Robert Bowers, the suspect in the Synagogue shooting that left 11 people dead, seemed to direct his online rage at the Jewish refugee agency Hebrew Immigrant Aid Society (HIAS.) The Jewish-led group has helped to resettle refugees from different faiths and countries including Google co-founder Sergey Brin. It is a frequent target on alt-right social media. HIAS sued the Trump administration along with the Anti-Defamation League in 2017 over executive orders halting refugee resettlement.
- Should law enforcement have investigated hateful comments about HIAS previously?
- Should public figures address the idea of âwhite genocideâ directly?
- Is it invasion of privacy or free speech to investigate hateful comments online?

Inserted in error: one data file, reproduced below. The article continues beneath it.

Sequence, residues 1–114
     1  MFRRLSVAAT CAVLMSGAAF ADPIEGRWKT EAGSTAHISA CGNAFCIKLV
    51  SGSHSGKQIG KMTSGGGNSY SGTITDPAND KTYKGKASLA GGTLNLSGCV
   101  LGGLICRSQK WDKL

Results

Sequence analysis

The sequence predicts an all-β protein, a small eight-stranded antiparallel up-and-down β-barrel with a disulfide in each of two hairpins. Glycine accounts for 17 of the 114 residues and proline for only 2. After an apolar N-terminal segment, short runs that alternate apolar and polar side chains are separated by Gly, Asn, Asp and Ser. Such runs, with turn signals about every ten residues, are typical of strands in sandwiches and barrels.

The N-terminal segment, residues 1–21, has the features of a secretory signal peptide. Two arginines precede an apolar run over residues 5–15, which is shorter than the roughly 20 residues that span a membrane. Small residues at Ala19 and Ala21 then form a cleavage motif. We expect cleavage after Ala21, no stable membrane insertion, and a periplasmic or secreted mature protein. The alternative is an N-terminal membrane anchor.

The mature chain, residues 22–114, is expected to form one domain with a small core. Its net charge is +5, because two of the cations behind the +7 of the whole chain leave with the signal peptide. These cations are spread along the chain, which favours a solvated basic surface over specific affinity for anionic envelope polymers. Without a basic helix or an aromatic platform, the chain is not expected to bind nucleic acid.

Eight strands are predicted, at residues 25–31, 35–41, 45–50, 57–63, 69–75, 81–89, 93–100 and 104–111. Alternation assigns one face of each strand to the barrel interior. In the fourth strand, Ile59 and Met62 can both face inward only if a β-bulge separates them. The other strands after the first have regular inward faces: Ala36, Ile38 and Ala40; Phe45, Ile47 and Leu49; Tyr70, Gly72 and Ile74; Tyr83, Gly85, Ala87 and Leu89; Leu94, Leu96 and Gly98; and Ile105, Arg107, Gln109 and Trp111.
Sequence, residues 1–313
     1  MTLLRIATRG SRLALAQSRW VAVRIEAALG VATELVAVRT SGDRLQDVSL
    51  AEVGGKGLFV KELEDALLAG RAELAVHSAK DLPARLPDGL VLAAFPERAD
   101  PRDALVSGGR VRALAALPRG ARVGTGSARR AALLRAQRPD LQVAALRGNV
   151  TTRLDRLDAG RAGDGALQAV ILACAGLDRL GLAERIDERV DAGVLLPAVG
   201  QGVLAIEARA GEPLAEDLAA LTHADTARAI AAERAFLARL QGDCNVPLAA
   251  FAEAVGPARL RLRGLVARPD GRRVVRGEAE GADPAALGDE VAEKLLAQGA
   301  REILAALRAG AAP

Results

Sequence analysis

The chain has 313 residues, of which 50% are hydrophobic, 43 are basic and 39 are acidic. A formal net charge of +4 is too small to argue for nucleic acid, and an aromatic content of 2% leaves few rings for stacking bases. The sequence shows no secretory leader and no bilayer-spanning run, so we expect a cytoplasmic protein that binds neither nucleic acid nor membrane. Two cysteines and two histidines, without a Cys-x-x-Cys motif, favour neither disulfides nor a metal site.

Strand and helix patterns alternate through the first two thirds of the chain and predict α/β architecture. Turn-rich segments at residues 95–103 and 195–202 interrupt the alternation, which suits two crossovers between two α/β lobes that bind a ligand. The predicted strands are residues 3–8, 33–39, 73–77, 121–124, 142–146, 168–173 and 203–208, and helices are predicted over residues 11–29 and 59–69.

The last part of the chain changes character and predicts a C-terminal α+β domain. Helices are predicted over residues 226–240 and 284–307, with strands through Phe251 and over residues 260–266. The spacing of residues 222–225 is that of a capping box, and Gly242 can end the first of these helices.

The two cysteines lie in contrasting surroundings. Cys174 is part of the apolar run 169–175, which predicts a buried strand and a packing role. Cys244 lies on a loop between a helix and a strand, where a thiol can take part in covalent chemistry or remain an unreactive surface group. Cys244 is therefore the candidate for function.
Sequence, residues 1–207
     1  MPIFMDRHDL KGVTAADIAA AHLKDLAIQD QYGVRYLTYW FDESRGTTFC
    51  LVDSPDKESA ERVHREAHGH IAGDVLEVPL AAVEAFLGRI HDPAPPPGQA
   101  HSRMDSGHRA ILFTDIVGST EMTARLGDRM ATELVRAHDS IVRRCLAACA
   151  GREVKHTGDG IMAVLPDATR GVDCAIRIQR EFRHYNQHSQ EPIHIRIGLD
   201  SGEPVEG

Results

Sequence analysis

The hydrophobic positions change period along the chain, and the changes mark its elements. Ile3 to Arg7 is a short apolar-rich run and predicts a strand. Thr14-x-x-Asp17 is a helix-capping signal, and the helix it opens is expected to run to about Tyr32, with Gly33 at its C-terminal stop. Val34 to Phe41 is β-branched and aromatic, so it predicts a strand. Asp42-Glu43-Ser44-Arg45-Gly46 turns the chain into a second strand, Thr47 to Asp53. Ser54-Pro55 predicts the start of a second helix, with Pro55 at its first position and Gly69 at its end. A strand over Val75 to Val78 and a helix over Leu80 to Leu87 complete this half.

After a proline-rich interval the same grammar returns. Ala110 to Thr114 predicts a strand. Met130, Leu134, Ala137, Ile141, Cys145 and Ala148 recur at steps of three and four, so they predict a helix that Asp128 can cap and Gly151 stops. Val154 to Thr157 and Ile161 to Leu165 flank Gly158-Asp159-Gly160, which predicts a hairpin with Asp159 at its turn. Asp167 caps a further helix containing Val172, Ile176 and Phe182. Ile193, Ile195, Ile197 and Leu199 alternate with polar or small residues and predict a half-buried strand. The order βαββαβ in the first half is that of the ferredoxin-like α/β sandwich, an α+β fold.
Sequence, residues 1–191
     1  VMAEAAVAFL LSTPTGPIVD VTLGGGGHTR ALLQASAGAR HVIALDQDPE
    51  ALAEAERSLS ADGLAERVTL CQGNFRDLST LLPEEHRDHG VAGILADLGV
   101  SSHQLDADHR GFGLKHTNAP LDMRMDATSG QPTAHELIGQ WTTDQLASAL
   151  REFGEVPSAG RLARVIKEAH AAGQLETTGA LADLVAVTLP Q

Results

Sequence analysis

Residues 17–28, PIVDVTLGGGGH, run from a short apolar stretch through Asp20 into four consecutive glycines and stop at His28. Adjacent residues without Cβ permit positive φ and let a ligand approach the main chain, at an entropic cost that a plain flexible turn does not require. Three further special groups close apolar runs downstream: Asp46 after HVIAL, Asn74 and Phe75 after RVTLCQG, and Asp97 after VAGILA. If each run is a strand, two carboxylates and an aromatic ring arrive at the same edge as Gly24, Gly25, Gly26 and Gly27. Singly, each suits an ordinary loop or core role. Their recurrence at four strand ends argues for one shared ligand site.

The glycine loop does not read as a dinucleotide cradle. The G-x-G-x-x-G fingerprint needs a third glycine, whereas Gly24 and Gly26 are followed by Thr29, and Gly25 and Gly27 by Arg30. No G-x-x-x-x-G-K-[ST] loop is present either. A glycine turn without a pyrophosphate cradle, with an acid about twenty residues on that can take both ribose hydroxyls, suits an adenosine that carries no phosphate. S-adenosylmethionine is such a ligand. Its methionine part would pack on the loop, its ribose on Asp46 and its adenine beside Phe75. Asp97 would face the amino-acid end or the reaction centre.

Just moments before the Pittsburgh synagogue shooting that left 11 people dead, the suspect is believed to have posted a final social media rant against a Jewish refugee settlement agency most people had never heard of, but which has increasingly become the target of right-wing rage and conspiracy theories.
“HIAS likes to bring invaders in that kill our people,” Robert Gregory Bowers wrote on the platform Gab early Saturday. “I can’t sit by and watch my people get slaughtered. Screw your optics, I’m going in.”
The group, formerly known as the Hebrew Immigrant Aid Society, was founded in 1881 in a Manhattan storefront to assist Jews persecuted in Russia and Eastern Europe. HIAS is now among nine groups that contract with the State Department to help refugees settle in the United States, and it has recently clashed with the Trump administration over policies that have throttled the flow of such newcomers.
Leaders of HIAS and the group’s Pittsburgh affiliate vowed to continue their work.